I have recently had an interesting and very emotional discussion with Mr. X from Govermental Agency that supports innovative companies in Russia. The main point we were discussing was what view point should entrepreneur take in order to think about his venture: market-driven approach or product-driven approach.
Mr. X argued that everything starts from product requirements and market requirements and startup should follow PMI methodologies in order to develop his project. In other words, he should focus on technology and the rest will follow. I was asking: “What about uncertainty? Where is this variable in your equation?” The answer was – every big companies do this. They have product development and marketing. They work together and produce what is called MRD (Market requirements Document) and Product Requirements. His point was that every startup company should have this docs or at least a part of this before entrepreneur will start the project (meaning before concept development and architecture stage, and of course before prototype, alpha and beta versions). Explaining a little bit more MRD is part of classical project management/system engineering approach and typically written as a part of product marketing or product management (according to Wikipedia). The checklist of MRD could be as follows:
- Executive Summary
- Delivery Date
- Target Market & Customer
- Overall position
- Use Model
- Customer needs & Corresponding Features
- Systems & Technical Requirements
- Quality Assurance & Testing
The same is for Product Requirements Document. In overall, Mr. X believes that project management approach is applicable to startups and startup’s life cycle could be viewed through PMBOK methods. WRONG! Let me explain why project management and system engineering are hardly could be linked to ventures.
Startup is a company, a partnership or temporary organization designed to search for a repeatable and scalable business model. (see Steve Blank and Wikipedia definition). This mainly means that startup doesn’t know the market yet, doesn’t know the product he wants to implement, doesn’t know… Key message here is uncertainty that surrounds the project.
My point in the discussion was the opposite – you need to go from market and from customer needs. There is no point to build prototype or write technical requirements if you will not understand is there really a problem worth solving. Moreover, applicability of project management standards by PMBOK is nonsense for the startup by definition. Just to put big point here. Project (according to PMI) is temporary in that it has a defined beginning and end in time, and therefore defined scope and resources. That is why you are able to define market and product requirements in the beginning of the project. You can identify key stakeholders, define scope, resources, make a plan and go ahead implementing it. But this is not the case for a startup. Startup can have everything except certainty. My two startup projects shows exactly this and I think eveidence from lean movement, customer development methods are more or less the same.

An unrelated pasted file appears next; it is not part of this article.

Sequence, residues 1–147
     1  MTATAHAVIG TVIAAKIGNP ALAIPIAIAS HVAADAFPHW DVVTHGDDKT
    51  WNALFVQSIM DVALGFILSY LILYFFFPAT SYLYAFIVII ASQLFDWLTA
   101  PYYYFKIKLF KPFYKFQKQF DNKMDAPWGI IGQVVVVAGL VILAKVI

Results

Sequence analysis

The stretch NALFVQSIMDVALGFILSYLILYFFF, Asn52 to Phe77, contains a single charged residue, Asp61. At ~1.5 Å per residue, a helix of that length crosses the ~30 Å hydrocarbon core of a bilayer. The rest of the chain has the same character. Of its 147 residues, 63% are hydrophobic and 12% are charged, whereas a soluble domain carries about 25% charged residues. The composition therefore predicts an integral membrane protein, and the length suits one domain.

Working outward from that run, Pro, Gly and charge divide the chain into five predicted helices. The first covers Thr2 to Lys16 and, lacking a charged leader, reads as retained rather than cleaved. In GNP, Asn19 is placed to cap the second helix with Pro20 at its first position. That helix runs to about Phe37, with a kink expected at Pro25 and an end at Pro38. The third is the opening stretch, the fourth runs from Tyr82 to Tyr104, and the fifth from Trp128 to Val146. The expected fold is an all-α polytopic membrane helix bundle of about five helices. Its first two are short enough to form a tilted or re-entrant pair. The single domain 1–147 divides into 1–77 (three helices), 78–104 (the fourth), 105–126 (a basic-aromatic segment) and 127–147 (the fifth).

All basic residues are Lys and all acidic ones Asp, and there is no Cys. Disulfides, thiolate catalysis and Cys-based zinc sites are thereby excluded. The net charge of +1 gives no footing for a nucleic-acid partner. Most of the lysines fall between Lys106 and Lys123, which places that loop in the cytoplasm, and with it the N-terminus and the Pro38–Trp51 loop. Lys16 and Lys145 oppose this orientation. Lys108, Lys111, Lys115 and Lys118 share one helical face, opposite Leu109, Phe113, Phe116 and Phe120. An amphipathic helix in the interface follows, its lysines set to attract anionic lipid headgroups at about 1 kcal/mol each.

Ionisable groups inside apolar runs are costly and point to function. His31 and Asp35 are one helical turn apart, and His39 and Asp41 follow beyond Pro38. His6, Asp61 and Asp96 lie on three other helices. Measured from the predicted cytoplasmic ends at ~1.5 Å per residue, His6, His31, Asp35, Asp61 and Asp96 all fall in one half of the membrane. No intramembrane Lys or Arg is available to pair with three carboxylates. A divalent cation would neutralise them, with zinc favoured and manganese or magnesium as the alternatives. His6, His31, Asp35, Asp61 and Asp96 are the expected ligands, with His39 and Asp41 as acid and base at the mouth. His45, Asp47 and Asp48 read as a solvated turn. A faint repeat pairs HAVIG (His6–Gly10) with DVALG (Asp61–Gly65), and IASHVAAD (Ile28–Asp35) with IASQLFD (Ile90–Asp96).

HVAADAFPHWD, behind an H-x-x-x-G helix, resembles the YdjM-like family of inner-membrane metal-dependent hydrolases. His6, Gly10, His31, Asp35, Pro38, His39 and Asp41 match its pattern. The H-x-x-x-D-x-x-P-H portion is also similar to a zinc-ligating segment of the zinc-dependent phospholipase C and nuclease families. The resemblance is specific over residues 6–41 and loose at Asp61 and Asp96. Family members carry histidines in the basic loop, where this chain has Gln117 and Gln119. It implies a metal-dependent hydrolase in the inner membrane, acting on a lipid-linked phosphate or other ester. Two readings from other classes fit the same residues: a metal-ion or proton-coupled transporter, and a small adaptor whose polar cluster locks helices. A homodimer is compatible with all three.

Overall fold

However, I still think that some parts of project management and systems engineering could be applied to a startup. For instance, there is prominent stage-gate model with checklists. Startups could have them in order to understand are they moving in the right direction or no? Thus, describing a general path (if it is possible) of a startup in terms of technology, market and customers, investments, team could give us differentiation of the life cycle in stages. Each stage will have the end with a checklist in all categories described above. Passing or not the checklist will give an understanding is this project still valid or not. In conclusion, I think we need be very careful in blind application of standards and methods especially when we think about entrpreneurship.
If you have another opinion, please share it with me and community of readers!
Lastly, would like to remind you The Customer Development Manifesto by Steve Blank. Enjoy and good luck!